The built in Blogger "Post Editor" provided by Google is based on Microsoft's HTML WYSIWYG editor called MSHTML and code from Midas, a WYSIWYG editor from Mozilla Organization, the group that provides the FireFox Browser.
(WYSIWYG: An acronym that stands for What - You - See - Is - What - You - Get. A WYSIWYG application is one that enables you to see on the display screen exactly what will appear when the document is printed or viewed online. WYSIWYG applications are especially popular for publishing.)
There are problems with these kinds of editors and problems associated with any attempt to create "rich text" in a web browser world. First is the fact that the text is rendered and displayed by a variety of programs called "web browsers." It might be Microsoft's Internet Explorer or Apple's Safari or Firefox or Chrome or Opera or who knows what on a smart phone or tablet. Not all of these different browsers work exactly the same, not to mention differences between versions.
Further complications come from the various versions of HTML and CSS that have evolved over time. The earliest versions of HTML had a lot of built in style control that has now migrated to the CSS (Cascading Style Sheets) syntax and certain old commands are no longer appreciated if not outright ignored. So composing directly in HTML requires one to consider just what versions of the markup language to use. The automatic tools have the same difficulty.
While the automatic tool is convenient, it has limited capability, and—more significantly —it creates really ugly HTML, and, on occasion, I've had to perform major clean up of messy code to get what I want, and that can be very tedious and time consuming. For example, I can now create consistent and, in my opinion, beautiful "emdashes" to create the hyphon that I use a lot in writing; at least when I'm not using elipsis … which are my ™.
When I copy text from a word processor like MS Word or Pages, that process embeds a ton of fonts and other HTML into the code. Sometimes, when editing the code using the WYSIWYG tool, the HTML will get all messed up leaving me with different paragraphs in different fonts and other messy formatting.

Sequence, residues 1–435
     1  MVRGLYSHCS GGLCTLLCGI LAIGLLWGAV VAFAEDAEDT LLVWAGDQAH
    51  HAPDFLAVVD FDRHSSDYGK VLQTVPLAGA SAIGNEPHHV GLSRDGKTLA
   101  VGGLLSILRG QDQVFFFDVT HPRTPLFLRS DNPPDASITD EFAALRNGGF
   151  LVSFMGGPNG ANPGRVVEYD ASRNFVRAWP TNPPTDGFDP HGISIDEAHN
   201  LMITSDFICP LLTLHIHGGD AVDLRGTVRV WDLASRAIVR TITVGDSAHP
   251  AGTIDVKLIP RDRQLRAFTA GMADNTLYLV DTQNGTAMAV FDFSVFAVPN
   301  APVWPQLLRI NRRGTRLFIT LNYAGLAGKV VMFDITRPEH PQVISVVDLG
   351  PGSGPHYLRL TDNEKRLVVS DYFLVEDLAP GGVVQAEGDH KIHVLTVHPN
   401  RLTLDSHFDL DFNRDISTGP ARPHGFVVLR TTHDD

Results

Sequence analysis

Once this formatting gets messed up on Blogger, I have to go in and edit the HTML created by the tool, removing dozens of font descriptions and trying to keep all the "begin" and "end" tags paired up properly. Plus the tool creats a ton of div and span commands that are really a mess to clean up. Those of you who work with HTML or any programming language know that you keep track of blocks in the source code with indentation. The tool just creates a giant spagehtti strand of HTML and it is hours of work to clean it up to the point that you can even start making changes.
Google provides a decent data entry tool that give you a "What You See Is What You Get" environment for text entry and formatting. Some basic tools such as text center, bold, italic, and the ability to embed graphics and quotes as well as Interent links. The first time I was limited by the environment was when I wanted to put a superscript in my writing. The Google editor didn't have that feature. I found that if I wrote my text in a word processor, I could include superscripts and a lot of other formats and they would paste into the Google tool quite nicely.
Then I wanted to add a table to an article. The Word Processor tables would not work, so I ended up putting the table directly into the HTML code and that worked well. The more I worked directly in the HTML created by the Google editor, the more frustrated I got with the machine created code. Plus, pasting from Word and Pages added a lot of HTML that I didn't want. Usually the font was defined for each instance of a paragraph and it was very hard to keep all the begin and end tags straight in this automatically created code.
That has led me to this solution. After some research I chose to download WordWrangler onto my Mac to use to create plain HTML code directly without adding any hidden codes. WordWrangler is a code editor with many extra features to help you keep track of structured languages such as HTML, XHTML, and CSS. So that is what I'm going to use in the future. I'm currently working on an article about AND and OR and Truth Tables, which—by the name—obviously requires lots of tables. It's a good exercise in my web development skills and good practice for an old coder who hasn't written much in the last few years.
If this works well, I'll be using Word Wrangler for all my writing from now on and recommending it to my Mac friends editing code.